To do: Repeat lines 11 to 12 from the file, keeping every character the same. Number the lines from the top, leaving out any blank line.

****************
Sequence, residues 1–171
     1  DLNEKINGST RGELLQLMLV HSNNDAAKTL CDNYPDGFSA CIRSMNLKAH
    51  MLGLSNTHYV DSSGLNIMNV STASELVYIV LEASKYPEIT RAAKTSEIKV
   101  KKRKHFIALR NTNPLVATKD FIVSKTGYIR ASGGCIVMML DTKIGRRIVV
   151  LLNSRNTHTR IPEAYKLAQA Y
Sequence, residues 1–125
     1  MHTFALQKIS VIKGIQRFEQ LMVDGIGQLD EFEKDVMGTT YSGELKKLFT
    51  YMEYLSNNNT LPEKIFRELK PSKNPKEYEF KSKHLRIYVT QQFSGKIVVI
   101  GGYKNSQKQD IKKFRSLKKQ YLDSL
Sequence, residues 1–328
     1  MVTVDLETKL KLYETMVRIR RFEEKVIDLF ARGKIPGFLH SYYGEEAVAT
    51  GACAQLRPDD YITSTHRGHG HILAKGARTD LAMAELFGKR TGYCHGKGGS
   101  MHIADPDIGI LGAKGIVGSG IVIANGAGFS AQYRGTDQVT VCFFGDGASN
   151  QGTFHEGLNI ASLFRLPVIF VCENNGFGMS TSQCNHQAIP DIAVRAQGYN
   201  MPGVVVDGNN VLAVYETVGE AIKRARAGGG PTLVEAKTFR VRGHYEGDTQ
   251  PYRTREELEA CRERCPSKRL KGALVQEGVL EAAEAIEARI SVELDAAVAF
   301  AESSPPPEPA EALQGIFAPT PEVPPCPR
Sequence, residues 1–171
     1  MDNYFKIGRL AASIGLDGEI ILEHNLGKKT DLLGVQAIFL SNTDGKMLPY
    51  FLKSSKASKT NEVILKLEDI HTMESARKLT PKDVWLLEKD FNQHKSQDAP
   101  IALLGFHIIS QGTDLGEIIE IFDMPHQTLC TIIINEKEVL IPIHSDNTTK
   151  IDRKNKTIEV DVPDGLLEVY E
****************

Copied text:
     1  MVTVDLETKL KLYETMVRIR RFEEKVIDLF ARGKIPGFLH SYYGEEAVAT
    51  GACAQLRPDD YITSTHRGHG HILAKGARTD LAMAELFGKR TGYCHGKGGS